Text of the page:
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Latest Ross Detwiler Items
For each of the past eight games, the Washington Nationals have been the ones taking advantage of the other team's mistakes. The ones operating within a margin of error large enough to overcome whatever minor miscues cropped up.
As the ball cracked off Michael Martinez's bat and bounced through the right side of the infield, Ross Detwiler never took his eyes off it. He watched Bryce Harper gather it. Watched him unfurl his body and send the ball rocketing toward home plate.
The glove on Ross Detwiler's right hand bore the brunt of his frustration.
Just before 3 p.m. Sunday, after a weekend barrage of rain that accompanied the better part of the Washington Nationals' four-game series against the Atlanta Braves, the sun began to come out over Nationals Park.
Andrelton Simmons gave Atlanta a chance. Michael Morse had a quick answer for Washington. Morse had four hits, including the go-ahead homer in the eighth inning after Washington had blown a four-run lead, and the Nationals beat the Braves 5-4 on Friday night.
The irony of the trot Michael Morse broke into as he rounded first base in the eighth inning Friday night was the conversation he'd had mere minutes before.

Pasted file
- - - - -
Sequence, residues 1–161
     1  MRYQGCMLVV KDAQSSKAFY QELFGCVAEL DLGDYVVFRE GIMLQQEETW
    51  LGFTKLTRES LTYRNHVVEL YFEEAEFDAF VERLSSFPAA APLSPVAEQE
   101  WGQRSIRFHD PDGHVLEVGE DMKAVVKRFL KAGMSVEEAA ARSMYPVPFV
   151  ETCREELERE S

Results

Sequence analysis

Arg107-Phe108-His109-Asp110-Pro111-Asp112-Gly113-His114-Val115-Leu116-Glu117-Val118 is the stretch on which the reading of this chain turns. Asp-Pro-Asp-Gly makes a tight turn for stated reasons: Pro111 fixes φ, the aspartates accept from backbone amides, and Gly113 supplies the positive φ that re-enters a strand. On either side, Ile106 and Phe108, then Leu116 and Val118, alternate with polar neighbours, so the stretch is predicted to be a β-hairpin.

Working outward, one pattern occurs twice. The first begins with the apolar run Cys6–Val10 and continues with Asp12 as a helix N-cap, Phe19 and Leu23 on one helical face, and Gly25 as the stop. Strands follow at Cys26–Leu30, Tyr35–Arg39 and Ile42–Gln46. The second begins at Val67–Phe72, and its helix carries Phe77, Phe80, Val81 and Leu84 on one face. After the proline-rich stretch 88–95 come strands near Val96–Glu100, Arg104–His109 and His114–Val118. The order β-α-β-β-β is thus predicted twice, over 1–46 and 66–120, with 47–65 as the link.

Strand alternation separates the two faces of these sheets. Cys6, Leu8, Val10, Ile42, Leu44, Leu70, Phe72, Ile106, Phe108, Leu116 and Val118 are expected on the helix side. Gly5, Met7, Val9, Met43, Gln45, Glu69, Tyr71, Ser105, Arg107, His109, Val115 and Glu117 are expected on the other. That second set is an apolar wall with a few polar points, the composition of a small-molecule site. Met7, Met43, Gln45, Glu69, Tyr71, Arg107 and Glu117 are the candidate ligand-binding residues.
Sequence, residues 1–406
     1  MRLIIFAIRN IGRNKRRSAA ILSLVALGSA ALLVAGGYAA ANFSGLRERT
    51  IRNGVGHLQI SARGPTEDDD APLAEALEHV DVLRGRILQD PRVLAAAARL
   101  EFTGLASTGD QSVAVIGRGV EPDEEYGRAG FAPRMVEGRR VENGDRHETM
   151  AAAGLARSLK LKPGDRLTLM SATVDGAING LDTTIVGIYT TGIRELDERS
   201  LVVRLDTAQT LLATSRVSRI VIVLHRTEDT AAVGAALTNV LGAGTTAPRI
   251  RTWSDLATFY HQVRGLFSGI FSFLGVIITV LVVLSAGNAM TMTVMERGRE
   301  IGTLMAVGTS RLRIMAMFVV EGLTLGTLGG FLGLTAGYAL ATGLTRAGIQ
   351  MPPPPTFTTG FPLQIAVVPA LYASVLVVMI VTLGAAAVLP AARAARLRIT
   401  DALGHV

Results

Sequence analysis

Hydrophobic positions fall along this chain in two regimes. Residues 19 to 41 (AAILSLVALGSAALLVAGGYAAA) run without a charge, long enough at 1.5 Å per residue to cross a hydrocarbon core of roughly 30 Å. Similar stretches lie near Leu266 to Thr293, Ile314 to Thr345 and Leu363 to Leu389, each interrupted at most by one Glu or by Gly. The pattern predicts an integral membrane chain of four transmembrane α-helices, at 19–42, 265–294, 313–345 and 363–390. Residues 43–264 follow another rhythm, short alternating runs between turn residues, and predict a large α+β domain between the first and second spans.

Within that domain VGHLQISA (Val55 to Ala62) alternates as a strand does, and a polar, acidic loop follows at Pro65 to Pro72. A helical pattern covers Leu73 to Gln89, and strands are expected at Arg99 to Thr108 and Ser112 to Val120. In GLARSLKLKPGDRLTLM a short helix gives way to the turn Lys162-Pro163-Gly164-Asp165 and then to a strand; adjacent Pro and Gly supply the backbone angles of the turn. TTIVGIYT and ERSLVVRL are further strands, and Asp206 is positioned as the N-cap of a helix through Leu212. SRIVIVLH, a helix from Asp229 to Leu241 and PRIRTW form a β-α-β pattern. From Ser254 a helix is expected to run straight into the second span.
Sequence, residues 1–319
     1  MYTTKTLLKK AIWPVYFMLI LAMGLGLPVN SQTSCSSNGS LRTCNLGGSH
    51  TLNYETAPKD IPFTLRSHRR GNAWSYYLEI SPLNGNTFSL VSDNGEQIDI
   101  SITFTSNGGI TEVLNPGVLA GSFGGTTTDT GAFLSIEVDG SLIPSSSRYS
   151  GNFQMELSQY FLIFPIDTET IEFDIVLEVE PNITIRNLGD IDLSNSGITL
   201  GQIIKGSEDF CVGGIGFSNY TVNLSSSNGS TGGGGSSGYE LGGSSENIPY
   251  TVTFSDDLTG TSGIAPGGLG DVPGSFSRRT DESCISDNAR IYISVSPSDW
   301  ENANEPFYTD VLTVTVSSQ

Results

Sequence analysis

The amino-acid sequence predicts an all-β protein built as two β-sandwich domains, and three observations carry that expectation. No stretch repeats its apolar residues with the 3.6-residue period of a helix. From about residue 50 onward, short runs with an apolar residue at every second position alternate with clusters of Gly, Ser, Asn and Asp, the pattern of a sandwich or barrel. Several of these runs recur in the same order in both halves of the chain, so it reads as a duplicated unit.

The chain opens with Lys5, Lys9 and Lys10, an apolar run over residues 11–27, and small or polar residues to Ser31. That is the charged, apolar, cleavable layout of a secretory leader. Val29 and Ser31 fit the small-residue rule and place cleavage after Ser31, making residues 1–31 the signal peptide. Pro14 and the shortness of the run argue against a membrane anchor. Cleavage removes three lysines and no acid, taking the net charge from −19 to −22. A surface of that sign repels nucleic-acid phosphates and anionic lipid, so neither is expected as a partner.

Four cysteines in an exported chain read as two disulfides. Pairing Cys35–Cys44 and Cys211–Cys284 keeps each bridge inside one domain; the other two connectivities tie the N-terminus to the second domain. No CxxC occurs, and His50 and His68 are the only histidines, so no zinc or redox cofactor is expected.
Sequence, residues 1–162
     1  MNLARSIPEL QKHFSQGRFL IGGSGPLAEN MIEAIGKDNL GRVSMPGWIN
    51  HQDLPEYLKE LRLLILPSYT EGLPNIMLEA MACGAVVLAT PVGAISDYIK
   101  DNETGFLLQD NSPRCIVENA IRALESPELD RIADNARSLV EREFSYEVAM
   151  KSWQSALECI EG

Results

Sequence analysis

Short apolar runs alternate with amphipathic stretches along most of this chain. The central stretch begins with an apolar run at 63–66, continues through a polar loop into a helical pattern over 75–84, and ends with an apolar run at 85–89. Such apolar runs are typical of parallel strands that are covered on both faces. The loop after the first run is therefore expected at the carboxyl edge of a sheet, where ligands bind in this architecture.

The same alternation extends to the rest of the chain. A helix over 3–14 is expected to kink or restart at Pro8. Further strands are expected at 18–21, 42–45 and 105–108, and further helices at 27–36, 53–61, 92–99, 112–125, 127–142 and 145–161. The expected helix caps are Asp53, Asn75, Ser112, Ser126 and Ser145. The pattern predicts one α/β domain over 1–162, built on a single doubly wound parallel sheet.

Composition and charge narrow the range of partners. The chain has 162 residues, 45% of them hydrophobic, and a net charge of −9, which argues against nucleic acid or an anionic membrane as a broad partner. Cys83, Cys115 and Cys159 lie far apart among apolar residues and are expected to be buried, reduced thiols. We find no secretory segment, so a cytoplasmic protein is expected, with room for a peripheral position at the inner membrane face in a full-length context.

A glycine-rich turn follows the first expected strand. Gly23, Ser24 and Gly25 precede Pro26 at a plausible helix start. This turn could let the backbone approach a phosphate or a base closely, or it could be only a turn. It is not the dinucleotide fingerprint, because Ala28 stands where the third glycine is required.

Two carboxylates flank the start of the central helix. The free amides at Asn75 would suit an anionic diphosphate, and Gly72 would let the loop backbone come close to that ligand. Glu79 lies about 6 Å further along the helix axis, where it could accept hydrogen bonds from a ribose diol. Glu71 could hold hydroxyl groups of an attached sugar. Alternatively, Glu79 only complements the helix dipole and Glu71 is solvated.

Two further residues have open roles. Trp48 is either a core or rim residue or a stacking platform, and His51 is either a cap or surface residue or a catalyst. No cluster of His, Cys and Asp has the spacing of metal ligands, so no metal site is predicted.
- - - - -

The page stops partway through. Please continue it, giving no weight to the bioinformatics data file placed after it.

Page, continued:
Michael Gonzalez was a member of the Washington Nationals for just more than two weeks when he got Ross Detwiler's ear in the bullpen. Detwiler had made four appearances out of the bullpen after Chien-Ming Wang had bumped him from the rotation, and he'd gotten mixed results.
Maybe it's a cruel fact for Chien-Ming Wang that he has the misfortune of struggling in one of the best rotations in the major leagues. Maybe it's by contrast that Wang, the most veteran of the staff and its second-highest-paid member, has his issues magnified because of the four who come before him.
In the dugout, in the 12th inning Tuesday night at Nationals Park, as the clock crept toward midnight, Bryce Harper watched. He'd had a front-row seat an inning earlier when Elvin Ramirez, a one-time Washington Nationals' Rule 5 draftee, struck him out on four pitches — and more than one outside the zone.